Leather Upholstery ($1,050); Chrome Appearance Package ($695 -- includes rear parking sensors and chromed front fascia, door handles, exterior mirrors and roof rails); Power Programmable Liftgate ($495); Black Granite Metallic Paint ($195).
This SUV is not as embarrassingly slow as anticipated considering the 2.4L I-4 and 3,800-pound weight. Decent torque off the line with a little chirp of wheelspin. Found that manually shifting just shy of 7,000 rpm (instead of auto shifting in Drive at 6,500) netted a tenth or so improvement across the board.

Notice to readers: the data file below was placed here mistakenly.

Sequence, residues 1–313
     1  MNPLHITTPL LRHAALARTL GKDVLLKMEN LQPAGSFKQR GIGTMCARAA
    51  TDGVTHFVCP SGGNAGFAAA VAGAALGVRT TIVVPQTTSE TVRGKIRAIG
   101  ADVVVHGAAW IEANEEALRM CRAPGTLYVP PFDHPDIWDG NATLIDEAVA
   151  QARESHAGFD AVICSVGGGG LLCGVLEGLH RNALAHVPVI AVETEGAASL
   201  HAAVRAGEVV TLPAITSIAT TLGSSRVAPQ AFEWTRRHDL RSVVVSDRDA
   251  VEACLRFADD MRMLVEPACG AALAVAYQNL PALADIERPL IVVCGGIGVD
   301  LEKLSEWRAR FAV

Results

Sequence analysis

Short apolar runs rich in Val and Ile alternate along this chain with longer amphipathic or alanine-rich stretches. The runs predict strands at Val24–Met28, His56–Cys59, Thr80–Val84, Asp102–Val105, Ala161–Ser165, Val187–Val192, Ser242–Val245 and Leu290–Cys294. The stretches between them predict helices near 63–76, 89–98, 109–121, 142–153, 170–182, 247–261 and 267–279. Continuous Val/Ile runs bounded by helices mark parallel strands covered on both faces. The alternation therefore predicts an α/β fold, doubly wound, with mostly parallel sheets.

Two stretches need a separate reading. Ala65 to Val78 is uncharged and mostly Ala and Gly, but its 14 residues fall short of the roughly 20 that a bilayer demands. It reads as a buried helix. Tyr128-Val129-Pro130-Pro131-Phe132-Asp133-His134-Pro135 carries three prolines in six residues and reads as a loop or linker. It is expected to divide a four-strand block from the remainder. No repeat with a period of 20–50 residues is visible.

Good ABS tuning keeps the Equinox straight and controlled. Slight fade noted after 3rd stop, but nothing objectionable. Good results.
Skid pad: The inside front tire's lifting off the ground limited the Equinox's performance as it spun through the open differential. Decent grip, but zero steering feel. With ESC on, the throttle closed just as the limits were approached, so I essentially drove around the circle with my foot pinned to the floor. Slalom: With ESC off, the tail end gets mighty loose -- progressively but dangerously so. With ESC on, this tendency is squelched with helpful corrections that don't otherwise interfere. Again, video-gamelike steering provides no sense of grip/skid, but remains precise.